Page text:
Sometimes I like to expand upon an actual memory- this is an example of what one snippet developed into.
“Can I take the silver pumps?”
My mom turned her face in my direction, the corners of her mouth pulled down by weariness. “No, honey,” she replied. “You can’t walk in them.”
I wrinkled my nose. “Yeah, I can. They just kind of slip off my ankles when I walk up the stairs.”
She shook her head and wordlessly grabbed the pumps, returning them to their rightful place in the dark depths of my closet. “It was a mistake to get them in a size larger,” she mused. “You’re sixteen. Your feet won’t grow much more.”
I reached for a neon pink t-shirt and folded it in a haphazard manner. “They might. I haven’t had a proper growth spurt yet.”
She took the shirt from me and shook out the creases I’d put in. “Yes, you have. You’re not going to be as tall as I am—frankly, you wouldn’t want to.”
I watched as she re-folded the shirt and slid it into a Ziploc bag. My mother is probably the most organized person ever to grace the planet. She packs my stuff in plastic bags and prints out sticky labels for them. The idea is that when I come to pack for things, I can lay all the bags out and tick off the labels so I don’t forget anything. Ever since my cousin went to a three day camp without a tooth brush, she’s been kind of paranoid that I’m going to forget something equally necessary. Like underwear, or orthodontic floss.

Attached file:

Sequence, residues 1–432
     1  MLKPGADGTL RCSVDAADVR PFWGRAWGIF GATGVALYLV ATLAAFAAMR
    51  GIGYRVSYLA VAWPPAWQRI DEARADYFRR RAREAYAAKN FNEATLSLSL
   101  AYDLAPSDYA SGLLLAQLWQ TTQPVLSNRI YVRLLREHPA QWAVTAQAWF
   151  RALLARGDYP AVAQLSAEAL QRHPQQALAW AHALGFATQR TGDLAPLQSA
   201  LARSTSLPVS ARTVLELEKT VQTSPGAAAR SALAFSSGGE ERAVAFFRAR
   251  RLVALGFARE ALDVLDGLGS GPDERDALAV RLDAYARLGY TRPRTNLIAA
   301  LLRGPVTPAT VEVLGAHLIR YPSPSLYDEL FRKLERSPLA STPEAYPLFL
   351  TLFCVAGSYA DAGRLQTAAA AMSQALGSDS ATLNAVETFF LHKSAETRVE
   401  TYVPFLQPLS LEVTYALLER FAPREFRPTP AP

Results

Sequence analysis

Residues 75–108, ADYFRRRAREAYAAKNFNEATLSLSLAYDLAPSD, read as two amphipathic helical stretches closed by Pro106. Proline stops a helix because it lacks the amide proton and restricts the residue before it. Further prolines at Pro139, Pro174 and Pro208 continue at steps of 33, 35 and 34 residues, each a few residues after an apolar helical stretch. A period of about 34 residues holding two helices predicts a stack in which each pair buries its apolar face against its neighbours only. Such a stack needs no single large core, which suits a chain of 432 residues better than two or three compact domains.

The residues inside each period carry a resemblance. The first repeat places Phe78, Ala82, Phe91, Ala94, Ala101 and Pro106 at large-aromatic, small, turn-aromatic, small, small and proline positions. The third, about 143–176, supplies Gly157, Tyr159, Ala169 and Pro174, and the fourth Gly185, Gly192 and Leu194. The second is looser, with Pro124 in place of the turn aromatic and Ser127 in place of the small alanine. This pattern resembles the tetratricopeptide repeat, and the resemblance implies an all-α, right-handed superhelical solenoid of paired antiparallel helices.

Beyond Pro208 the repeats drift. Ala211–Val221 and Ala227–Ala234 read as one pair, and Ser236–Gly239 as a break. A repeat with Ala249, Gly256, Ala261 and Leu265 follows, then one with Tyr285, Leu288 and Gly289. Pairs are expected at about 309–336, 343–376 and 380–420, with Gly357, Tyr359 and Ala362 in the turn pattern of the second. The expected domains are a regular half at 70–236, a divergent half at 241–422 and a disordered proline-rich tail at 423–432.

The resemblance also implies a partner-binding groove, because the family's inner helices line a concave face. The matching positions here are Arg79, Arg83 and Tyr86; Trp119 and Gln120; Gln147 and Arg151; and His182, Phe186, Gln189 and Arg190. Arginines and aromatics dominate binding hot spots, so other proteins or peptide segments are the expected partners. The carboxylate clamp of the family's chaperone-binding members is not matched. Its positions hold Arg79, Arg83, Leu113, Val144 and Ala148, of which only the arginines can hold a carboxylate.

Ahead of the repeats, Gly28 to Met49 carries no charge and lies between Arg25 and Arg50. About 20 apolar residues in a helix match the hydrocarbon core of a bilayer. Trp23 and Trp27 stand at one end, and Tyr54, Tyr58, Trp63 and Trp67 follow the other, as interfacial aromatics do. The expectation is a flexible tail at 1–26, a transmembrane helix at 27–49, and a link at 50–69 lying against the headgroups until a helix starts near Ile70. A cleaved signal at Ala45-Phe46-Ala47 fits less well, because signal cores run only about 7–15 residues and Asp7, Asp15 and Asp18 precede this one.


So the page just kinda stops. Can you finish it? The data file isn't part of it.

“I don’t want to be the midget of the family,” I muttered, reaching for the little Japanese boxes I keep my jewelery in. “It’s such a let down to always be shorter than your mother.”
She gave me a disbelieving look as I dug around for extra earring backs. “Do you really want to be over six feet tall?”
I shrugged. “No, but I don’t want to stay five foot six, either.” Then I perked up. “Actually, it’s fine. I’ll just wear four inch heels at family functions.”
My mother snorted. “And break your ankles,” she reminded me.
I scowled. “Whatever.”
She snatched the little bag of jewelery from me and plunked it on top of the pile of plastic bags sitting neatly in my suitcase. “That’s everything. I’m going to bed. Don’t stay up too late with your laptop, okay?”
“I won’t.” It was an empty promise, and once she’d gotten to her feet she gave me a knowing look before heading out the door.
Once it slammed behind her I forced myself to return the earrings and other random paraphernalia to the little lacquered box which I slid onto a shelf in my cupboard. As I stepped back from it, a glint of silver caught my eye and I squinted in the half light, trying to make out the object that had startled me.
It wasn’t one item but a pair, the too-large silver pumps that my mom had bought for a ‘when your feet grow’ that never arrived. They sat shiny and flawless in their miniature cavern, and I suddenly felt guilty for not growing into them. They’d probably sit here for a good five years until my sister was big enough to wear them—and might even be rejected then, because I strongly suspected that her obsession with pink was going to be a life long one.
They would sit in the closet until their judgement day arrived, abandoned and somehow betrayed by the fact that I was born premature and would never grow feet big enough to free them from their imprisonment. I slammed the closet door shut then, unable to deal with the fact that I was feeling sorry for a pair of shoes. I really must have been tired.
I crawled under my covers, unwilling to glue my eyes to my laptop screen and watch another episode of Heroes. My shoe-guilt had somehow made me tired, but I couldn’t get to sleep. It felt like the pumps were watching me from the cupboard.